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GUIDING PRINCIPLES FOR LAND USE AND PHYSICAL PLANNING

문서에서 Land Use Planning (페이지 42-46)

Laws, regulations, plans and institutional frameworks should form the basis of reconstruction planning. If existing instruments are not realistic, or are contributing to informality, use the reconstruction process as an opportunity to improve them.

The planning process should incorporate active collaboration among the reconstruction agencies, the aff ected community, the private sector, and other stakeholders, thereby engendering their ownership of the planning process.

The planning process should respond to issues of land rights and titling and to discrepancies in the administration of land records, address the needs of informal occupiers of land and work with them to identify viable alternatives.

While addressing long-term development and DRR goals, land use and physical plans should be fl exible and off er choices, rather than static “master plans.”

Land use and physical plans integrated with strategic planning can address

reconstruction, DRR, and long-term development, yet be readily translated into action plans and investment proposals, including those that promote private investment.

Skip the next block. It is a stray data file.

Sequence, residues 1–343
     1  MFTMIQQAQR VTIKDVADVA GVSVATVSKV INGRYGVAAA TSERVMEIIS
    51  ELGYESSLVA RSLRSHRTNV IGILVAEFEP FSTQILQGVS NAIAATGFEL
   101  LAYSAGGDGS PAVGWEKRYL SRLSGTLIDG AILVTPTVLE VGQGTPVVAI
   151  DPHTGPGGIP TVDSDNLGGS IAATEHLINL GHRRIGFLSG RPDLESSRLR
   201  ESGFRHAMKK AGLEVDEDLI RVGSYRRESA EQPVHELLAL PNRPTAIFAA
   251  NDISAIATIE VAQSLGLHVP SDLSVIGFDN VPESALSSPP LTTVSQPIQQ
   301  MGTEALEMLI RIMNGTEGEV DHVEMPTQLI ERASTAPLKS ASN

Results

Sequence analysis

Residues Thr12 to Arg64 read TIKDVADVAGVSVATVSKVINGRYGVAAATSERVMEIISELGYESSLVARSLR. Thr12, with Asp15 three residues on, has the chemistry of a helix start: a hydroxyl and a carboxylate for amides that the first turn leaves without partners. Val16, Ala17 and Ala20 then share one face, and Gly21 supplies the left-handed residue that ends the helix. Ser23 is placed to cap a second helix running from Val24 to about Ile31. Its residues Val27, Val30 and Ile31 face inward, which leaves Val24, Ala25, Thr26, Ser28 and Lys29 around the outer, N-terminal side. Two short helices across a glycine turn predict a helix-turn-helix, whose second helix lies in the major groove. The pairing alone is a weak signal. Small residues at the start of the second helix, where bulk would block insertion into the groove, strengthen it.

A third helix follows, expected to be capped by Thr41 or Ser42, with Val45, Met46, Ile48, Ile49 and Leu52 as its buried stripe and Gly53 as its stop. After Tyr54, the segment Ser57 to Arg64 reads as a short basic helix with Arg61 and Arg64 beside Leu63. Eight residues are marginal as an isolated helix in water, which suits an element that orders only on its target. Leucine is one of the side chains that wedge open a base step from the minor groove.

The planning process needs high-level support, active leadership from the government agencies that will actually implement the plans, and involvement from local communities.

SOURCE

Safer Homes, Stronger Communities: A Handbook for Reconstructing after Natural Disasters, The World Bank 2010

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EMPHASISING LAND USE DRR IN POLICIES

A recovery policy and framework provides the basis for recovery and reconstruction planning and implementation in aff ected areas. It is important to ensure that the recovery policy should include DRR considerations in land use planning and that this is done in conjunction with existing policies. If required, suitable amendments should be made to address DRR concerns (see Chapter 3 of the Handbook for Disaster Recovery Practitioners).

HOW TO DO IT

Keeping in mind the long-term sustainable development of aff ected communities, land use planning in the recovery policy should emphasise Build Back Better with a focus on risk reduction along with other prospective DRR tools. Th e people involved in land use planning issues and other recovery issues should try to include DRR into the policy statements as part of the broader development objectives in the aft ermath of disaster.

Land use planning should:

Prevent new and redevelopment in hazardous areas when there are no viable mitigation options.

Allow new and redevelopment in hazardous areas with higher safety standards (both structural and non-structural measures) through a risk based land use planning system.

Put a temporary or permanent moratorium on reconstruction and redevelopment in high risk areas.7

Off er directives on dealing with nonconforming structures.

Promote environmental protection such as natural buff er zones and restrict reconstruction and development in ecologically sensitive areas.

Address land tenure and rights which in turn improve the land governance and resilience of communities.

Strengthen the land governance capacity of institutions.